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Green Day Sheffield Arena, 03.07.17 Live Review

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    Green Day need little to no introduction, but just in case, here’s a quick recap. Being arguably the most key band to pop-punk with their 90’s records ‘Dookie’, ‘Insomniac’ and ‘Nimrod’ they became instant legends and one of the biggest bands on the planet. These records were defined by spunky scrappiness in Tre Cool (drums) and Mike Drint’s (bass) rhythms, in frontman Billie Joe Armstrong’s riffs, being married with the strongest knack for melody and catchiness as well as silly lyrics about getting wasted and other youthful activity. There’s also always being an outsider spirit to Green Day which continued into their reinvention with their bold ‘American Idiot’ concept album in 2004, which saw the band mature with style, having more of a political consciousness and reshoot them to the top. They visit Sheffield tonight and deliver a show which matches their legacy.

    Green Day

    Firstly, tonight though, we have Rancid who are a classic band in their own right. Like tonight’s headliners Rancid have many a punk anthem under their belts with gritty spirit and instant danceability that get a good chunk of this huge crowd going early on. The band themselves rev-it-up with frontman Tim Armstrong often galloping around the stage as well as ending their set in the crowd and you can feel Matt Freeman’s insane bass skills from a distance with rapid, animated fretwork. 

    Green Day have no problem following legends as they themselves are. From start to finish this is just a delight. This band have so many iconic tracks in their arsenal, that much of the 13,000 people will be singing along to every word across the two-and-a-half-hours Green Day play tonight. Whether it be the politically charged ‘Holiday’ or the ska-punk masterclass ‘King For A Day’, what most Green Day songs have in common is hooks that stick in your head like gum and a lot of heart to connect with.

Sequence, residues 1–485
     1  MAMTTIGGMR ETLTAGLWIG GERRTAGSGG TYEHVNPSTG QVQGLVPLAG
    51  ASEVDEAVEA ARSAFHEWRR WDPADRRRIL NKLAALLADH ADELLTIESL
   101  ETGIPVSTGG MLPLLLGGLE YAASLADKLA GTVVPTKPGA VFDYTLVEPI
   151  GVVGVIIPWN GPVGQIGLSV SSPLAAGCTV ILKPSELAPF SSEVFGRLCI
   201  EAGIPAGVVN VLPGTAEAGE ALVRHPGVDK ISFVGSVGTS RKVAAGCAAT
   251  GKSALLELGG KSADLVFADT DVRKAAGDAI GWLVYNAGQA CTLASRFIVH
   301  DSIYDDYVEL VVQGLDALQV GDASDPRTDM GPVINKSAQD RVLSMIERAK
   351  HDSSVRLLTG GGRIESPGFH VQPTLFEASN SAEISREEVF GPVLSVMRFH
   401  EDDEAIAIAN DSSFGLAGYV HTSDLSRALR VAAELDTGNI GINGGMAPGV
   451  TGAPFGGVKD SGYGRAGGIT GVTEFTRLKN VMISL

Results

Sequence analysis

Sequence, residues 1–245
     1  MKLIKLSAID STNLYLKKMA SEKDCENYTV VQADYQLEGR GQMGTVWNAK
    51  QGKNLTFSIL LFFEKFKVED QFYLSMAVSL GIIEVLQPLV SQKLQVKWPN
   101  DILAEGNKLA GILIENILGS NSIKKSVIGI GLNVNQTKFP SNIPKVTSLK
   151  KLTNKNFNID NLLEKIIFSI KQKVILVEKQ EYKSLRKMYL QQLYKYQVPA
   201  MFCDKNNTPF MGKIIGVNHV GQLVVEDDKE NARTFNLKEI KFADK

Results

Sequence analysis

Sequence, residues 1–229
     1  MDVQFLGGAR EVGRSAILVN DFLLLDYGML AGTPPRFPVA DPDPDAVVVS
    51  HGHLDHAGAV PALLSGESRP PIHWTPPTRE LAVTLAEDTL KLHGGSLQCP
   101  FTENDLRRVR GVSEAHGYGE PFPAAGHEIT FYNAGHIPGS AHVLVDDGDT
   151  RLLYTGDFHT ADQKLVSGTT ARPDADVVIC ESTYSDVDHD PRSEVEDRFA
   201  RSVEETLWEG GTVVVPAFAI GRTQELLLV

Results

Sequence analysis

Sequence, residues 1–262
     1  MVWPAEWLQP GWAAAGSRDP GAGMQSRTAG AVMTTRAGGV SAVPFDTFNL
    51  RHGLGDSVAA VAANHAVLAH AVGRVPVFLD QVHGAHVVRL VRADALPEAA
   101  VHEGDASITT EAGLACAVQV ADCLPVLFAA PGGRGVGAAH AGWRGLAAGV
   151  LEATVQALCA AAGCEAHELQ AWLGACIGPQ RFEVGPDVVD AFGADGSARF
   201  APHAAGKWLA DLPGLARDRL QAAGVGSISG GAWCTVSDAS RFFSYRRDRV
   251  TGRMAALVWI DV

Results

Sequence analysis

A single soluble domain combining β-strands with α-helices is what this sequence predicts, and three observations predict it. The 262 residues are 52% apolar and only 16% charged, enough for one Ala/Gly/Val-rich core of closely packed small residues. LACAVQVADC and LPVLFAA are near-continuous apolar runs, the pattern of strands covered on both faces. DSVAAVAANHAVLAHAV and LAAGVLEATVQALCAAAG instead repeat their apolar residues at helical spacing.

However, on the off chance you’re not a huge Green Day fan, if you’re just here with your kid or a mate, you’re still going to have a blast, because this band sure know how to put on a show. 

    There’s the standard arena rock stuff of pyro and cannons, but there’s also Green Day’s own flavour of dazzle. There’s a point where Armstrong is spraying people with a hose, he takes every opportunity possible to hype people with chants and most special of all, they bring people onstage to play guitar or sing a part.

    When these people do get onstage, you can feel how special this is for them throughout the whole building as they get to be in a legendary band for a moment. In particular the guy who came on to do the last verse of ‘Longview’ owned it, prancing around with much swagger and sass, and the crowd gives a victorious cheer for him. Whoever you are, if you’re reading this, start a band. 

    Even between all the tricks up Green Day’s sleeve, you have a band who have tons of adrenaline, with Tre Cool delivering rapid fills and Armstrong often running around and jumping off amps. Armstrong hits every note with full passion and vigour even after the thousands of times he’ll have played these songs across the years.

    The songs still feel powerful to the people too. ‘When I Come Around’ and ‘She’ are cute, confused love songs with their warm, but punchy textures and lyrics that will tend to you if you’re in that place or put you right back there if you’re not. ‘Basket Case’ hasn’t lost a percentage of its anthemic ‘I’m not okay’ charm and ‘Jesus Of Suburbia’ still holds up as a thrilling nine minutes if defiance and fortitude. 

    They close with ‘Good Riddance (Time Of Your Life)’ and even though it’s just Armstrong playing it solo acoustically it’s just as powerful as any firepower tonight. Even if you’ve heard this song a million times from just being into Green Day, hearing it in TV shows or high school slide-shows, it’s hard not to burst into tears seeing it live. The song has the strongest level of reflection and acceptance that it immediately makes everything okay, not matter how overwhelming that might be.

    View the original article:

    An outstanding show from an outstanding band, but then what else would you expect?  If you’ve seen Green Day before, if you’re not even into Green Day, there’s no way you can’t be impressed with them live over and over. There’s bombast, there’s energy, there’s colossal sing alongs, there’s heart and it’s all done in their own way.

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